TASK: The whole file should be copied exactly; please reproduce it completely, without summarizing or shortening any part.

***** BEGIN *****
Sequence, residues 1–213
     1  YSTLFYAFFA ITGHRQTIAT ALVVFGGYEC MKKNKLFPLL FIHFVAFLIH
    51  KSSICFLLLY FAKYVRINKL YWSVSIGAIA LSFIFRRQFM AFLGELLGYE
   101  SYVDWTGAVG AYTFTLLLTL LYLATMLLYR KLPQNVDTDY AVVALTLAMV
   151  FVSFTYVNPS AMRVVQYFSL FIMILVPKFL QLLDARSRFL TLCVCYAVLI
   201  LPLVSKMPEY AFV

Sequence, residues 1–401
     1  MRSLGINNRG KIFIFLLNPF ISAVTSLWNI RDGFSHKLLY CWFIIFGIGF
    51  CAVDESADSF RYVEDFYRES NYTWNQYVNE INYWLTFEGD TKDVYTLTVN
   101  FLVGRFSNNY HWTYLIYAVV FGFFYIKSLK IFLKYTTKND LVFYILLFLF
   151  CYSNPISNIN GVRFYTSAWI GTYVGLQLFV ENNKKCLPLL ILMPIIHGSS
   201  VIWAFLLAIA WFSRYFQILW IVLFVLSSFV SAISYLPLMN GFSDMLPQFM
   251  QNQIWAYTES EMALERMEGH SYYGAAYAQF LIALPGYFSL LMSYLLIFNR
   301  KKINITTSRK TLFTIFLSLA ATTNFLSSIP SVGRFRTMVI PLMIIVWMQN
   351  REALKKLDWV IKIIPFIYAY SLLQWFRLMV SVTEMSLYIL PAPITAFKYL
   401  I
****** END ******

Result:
Sequence, residues 1–213
     1  YSTLFYAFFA ITGHRQTIAT ALVVFGGYEC MKKNKLFPLL FIHFVAFLIH
    51  KSSICFLLLY FAKYVRINKL YWSVSIGAIA LSFIFRRQFM AFLGELLGYE
   101  SYVDWTGAVG AYTFTLLLTL LYLATMLLYR KLPQNVDTDY AVVALTLAMV
   151  FVSFTYVNPS AMRVVQYFSL FIMILVPKFL QLLDARSRFL TLCVCYAVLI
   201  LPLVSKMPEY AFV

Sequence, residues 1–401
     1  MRSLGINNRG KIFIFLLNPF ISAVTSLWNI RDGFSHKLLY CWFIIFGIGF
    51  CAVDESADSF RYVEDFYRES NYTWNQYVNE INYWLTFEGD TKDVYTLTVN
   101  FLVGRFSNNY HWTYLIYAVV FGFFYIKSLK IFLKYTTKND LVFYILLFLF
   151  CYSNPISNIN GVRFYTSAWI GTYVGLQLFV ENNKKCLPLL ILMPIIHGSS
   201  VIWAFLLAIA WFSRYFQILW IVLFVLSSFV SAISYLPLMN GFSDMLPQFM
   251  QNQIWAYTES EMALERMEGH SYYGAAYAQF LIALPGYFSL LMSYLLIFNR
   301  KKINITTSRK TLFTIFLSLA ATTNFLSSIP SVGRFRTMVI PLMIIVWMQN
   351  REALKKLDWV IKIIPFIYAY SLLQWFRLMV SVTEMSLYIL PAPITAFKYL
   401  I